As a worker in Iowa who has experienced a debilitating physical injury, you might find yourself dealing with emotional or mental side effects as well. These effects can be just as crippling as a physical injury, and at the Law Offices of Gallner & Pattermann, P.C., we work to help you understand just what kind of damage you might be facing.
Have you experienced a traumatic accident in Iowa? Whether a work-related incident, a serious motor vehicle accident or something else, these experiences can leave you with more than just physical injuries and financial challenges. The emotional trauma that can accompany an accident of any type may be as severe or more so than any of the other results you may live with. Posttraumatic stress disorder is one example of a long-lasting emotional scar of sorts that requires prompt and professional intervention.
While most people in Iowa are aware of harassment and discrimination cases, workplace psychological injuries are not always as widely known. The Occupational Health and Safety Magazine reported that employers are as responsible to protect your psychological welfare as they are your physical safety, but it is important for workers to realize what exactly that means.
While you may consider bullying a phenomenon that is relegated to school-age kids, it can also be a problem within many Iowa workplaces. In addition to creating an unpleasant and sometimes hostile environment, workplace bullying may also cause a range of psychological effects that can prove extremely damaging if left unchecked.
In some occupational settings, stress is a part of the daily work experience. From medical professionals to stock market traders, a certain level of stress is necessary in order to be successful at the job. What you may not realize is that in some situations, occupational stress can cause serious health conditions. These health conditions may limit a person’s ability to work in the future, and may qualify the person to receive workers’ compensation benefits.
Whenever workplace accidents cause death or traumatic injuries -- in Iowa and elsewhere -- the immediate focus is typically on the victims, and rightly so. However, a worker who witnesses a colleague's death or traumatic injury can suffer psychological injuries. Similarly, those who help injured victims or clean up the accident scene can suffer what is called critical incident stress.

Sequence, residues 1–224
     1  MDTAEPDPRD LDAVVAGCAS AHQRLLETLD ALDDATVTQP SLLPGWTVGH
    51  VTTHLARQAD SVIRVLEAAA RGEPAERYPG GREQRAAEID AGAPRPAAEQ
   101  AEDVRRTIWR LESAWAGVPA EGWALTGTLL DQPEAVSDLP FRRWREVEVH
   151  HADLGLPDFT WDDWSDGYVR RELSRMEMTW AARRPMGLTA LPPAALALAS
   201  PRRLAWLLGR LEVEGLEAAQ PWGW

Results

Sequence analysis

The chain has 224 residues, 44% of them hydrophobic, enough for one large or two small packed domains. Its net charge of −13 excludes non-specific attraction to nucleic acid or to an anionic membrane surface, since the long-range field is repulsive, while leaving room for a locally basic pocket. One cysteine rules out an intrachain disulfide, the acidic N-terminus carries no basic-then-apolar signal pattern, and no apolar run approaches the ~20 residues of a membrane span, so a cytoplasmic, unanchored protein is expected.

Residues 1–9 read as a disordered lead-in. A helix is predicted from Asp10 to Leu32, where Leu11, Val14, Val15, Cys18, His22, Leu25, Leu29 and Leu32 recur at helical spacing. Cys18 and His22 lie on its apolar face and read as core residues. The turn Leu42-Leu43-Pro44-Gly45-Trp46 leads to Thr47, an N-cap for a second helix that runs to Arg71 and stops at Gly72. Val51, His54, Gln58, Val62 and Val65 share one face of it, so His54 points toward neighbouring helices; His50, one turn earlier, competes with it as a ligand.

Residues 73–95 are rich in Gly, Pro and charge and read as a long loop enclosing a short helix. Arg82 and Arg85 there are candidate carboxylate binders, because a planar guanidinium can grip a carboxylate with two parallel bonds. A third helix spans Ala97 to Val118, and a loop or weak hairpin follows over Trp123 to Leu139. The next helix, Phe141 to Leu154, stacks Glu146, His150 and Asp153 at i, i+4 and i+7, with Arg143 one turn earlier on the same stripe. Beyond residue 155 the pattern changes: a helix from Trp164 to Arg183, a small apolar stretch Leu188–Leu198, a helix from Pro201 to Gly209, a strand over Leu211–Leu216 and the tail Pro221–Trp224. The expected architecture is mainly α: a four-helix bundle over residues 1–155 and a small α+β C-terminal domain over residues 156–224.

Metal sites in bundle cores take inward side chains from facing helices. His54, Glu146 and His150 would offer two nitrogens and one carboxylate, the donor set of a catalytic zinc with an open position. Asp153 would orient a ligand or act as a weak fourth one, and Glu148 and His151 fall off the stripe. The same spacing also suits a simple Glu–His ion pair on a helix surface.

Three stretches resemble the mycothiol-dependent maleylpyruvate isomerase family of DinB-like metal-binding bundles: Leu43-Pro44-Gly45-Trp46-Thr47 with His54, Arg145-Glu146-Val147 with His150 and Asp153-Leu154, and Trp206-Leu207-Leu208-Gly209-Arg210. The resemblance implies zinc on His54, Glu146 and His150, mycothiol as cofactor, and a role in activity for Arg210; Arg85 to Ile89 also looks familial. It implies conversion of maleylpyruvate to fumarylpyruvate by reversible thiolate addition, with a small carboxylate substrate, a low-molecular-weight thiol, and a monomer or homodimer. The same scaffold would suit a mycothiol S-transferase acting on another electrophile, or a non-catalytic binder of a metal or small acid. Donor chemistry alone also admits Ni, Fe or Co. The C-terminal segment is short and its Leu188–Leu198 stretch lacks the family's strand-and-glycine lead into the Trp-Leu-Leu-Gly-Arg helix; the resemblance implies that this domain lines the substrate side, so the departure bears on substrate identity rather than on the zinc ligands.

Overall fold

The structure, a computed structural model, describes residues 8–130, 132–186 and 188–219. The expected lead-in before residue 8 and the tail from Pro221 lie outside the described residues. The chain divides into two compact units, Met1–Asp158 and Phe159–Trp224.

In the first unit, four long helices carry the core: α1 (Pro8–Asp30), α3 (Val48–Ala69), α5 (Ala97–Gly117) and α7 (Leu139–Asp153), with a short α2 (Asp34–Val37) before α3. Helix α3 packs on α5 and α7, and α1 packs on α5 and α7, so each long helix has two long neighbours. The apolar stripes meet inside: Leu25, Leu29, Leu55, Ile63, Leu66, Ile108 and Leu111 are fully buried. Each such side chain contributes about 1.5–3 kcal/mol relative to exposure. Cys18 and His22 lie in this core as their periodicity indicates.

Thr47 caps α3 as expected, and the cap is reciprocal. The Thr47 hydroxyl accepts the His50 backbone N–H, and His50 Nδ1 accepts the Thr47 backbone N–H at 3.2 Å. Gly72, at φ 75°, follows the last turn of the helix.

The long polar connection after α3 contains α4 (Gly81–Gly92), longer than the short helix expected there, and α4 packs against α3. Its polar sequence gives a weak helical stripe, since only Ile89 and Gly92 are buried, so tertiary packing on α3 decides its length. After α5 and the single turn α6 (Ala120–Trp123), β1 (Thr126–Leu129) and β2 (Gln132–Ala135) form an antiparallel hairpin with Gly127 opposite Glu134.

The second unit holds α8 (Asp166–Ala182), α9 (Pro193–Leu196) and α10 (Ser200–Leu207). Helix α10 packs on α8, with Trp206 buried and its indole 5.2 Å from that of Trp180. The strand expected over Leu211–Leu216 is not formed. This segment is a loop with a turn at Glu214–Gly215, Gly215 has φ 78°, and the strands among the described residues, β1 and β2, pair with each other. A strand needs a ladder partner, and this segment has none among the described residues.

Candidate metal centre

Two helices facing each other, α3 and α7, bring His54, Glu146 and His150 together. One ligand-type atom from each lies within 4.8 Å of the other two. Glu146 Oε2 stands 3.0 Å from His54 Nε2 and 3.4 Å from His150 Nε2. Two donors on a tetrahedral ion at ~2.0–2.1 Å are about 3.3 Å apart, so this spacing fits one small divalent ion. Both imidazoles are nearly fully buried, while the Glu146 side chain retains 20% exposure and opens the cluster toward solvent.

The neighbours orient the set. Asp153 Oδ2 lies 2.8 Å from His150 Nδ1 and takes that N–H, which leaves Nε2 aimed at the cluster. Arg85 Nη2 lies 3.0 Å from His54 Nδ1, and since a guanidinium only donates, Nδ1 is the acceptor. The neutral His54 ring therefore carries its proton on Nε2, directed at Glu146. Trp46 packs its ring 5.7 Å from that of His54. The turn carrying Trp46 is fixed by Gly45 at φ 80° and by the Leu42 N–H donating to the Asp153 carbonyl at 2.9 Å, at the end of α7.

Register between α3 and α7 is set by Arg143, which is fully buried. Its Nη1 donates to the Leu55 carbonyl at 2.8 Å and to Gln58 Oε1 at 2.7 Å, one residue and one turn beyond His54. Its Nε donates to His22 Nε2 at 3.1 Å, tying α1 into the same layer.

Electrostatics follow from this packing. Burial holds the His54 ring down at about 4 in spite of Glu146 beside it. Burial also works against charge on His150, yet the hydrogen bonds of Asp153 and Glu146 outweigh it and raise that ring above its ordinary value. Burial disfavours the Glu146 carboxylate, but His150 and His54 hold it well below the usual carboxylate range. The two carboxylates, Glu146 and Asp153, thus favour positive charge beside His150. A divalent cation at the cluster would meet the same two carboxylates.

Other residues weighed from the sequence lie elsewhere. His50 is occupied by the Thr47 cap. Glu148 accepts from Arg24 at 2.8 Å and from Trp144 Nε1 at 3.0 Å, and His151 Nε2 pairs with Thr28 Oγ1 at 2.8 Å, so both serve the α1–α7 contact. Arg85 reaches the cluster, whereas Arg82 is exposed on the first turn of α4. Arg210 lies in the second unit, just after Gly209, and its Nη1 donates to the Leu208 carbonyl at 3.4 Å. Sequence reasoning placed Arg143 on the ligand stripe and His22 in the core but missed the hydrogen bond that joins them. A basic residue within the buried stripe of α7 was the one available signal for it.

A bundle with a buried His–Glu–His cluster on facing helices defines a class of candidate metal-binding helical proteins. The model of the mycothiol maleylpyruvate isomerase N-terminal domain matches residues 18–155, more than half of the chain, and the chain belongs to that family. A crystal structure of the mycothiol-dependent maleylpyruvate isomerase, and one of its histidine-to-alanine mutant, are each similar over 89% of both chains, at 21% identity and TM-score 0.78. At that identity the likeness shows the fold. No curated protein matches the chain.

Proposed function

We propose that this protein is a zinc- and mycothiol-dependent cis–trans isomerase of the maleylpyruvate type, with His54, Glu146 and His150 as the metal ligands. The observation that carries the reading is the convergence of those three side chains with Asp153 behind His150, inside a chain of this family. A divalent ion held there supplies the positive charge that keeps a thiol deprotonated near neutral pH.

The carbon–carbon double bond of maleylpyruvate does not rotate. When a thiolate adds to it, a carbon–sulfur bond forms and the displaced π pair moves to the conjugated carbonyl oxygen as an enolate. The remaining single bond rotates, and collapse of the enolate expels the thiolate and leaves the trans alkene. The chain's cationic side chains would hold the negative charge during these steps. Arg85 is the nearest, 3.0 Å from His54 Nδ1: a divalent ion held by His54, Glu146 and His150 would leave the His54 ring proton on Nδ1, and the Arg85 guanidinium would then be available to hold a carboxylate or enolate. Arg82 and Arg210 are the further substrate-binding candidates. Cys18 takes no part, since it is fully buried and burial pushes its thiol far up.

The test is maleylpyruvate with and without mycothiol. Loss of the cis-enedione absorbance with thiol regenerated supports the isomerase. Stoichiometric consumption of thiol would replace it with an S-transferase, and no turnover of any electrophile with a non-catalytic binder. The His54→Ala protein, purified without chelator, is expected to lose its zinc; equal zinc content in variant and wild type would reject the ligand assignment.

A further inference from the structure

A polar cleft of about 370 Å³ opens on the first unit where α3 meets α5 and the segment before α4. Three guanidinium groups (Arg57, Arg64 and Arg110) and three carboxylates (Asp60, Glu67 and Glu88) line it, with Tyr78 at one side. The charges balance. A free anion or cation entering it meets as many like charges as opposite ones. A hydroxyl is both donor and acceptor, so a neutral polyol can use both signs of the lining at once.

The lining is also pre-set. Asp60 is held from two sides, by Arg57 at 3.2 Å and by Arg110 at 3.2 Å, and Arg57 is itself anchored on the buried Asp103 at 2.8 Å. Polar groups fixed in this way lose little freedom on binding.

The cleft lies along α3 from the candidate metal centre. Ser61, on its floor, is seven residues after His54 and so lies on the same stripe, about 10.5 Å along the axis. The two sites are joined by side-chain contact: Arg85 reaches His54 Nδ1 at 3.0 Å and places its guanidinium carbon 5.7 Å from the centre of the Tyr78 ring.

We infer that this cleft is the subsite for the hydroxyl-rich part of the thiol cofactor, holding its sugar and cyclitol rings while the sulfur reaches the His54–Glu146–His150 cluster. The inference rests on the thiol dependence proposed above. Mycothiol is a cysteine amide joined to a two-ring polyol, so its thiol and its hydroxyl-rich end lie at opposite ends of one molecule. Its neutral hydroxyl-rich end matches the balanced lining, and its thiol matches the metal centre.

Working with electricity can be hazardous, and employers in Iowa and elsewhere must ensure compliance with all safety regulations when electrical repairs or installations are done. It is vital that only qualified electricians are tasked with these jobs, as the slightest error can cause severe workplace injuries that could even be fatal. A worker recently died while doing electrical work on a construction site at a university in another state.
Iowa employers are responsible for providing safe workplace environments that are free from known hazards. Work-related injuries and occupational illnesses are often prevented by strict compliance with state and federal laws. Nevertheless, many workers who suffer psychological injuries may be unsure about their rights to pursue claims for compensation.
Iowa workers who are concerned about being exposed to toxic substances at work may be interested in the plight of a man from another state. His wife said toxic exposure at her husband's place of work devastated their lives. Reportedly, the man worked at a decommissioned nuclear production complex for 33 years.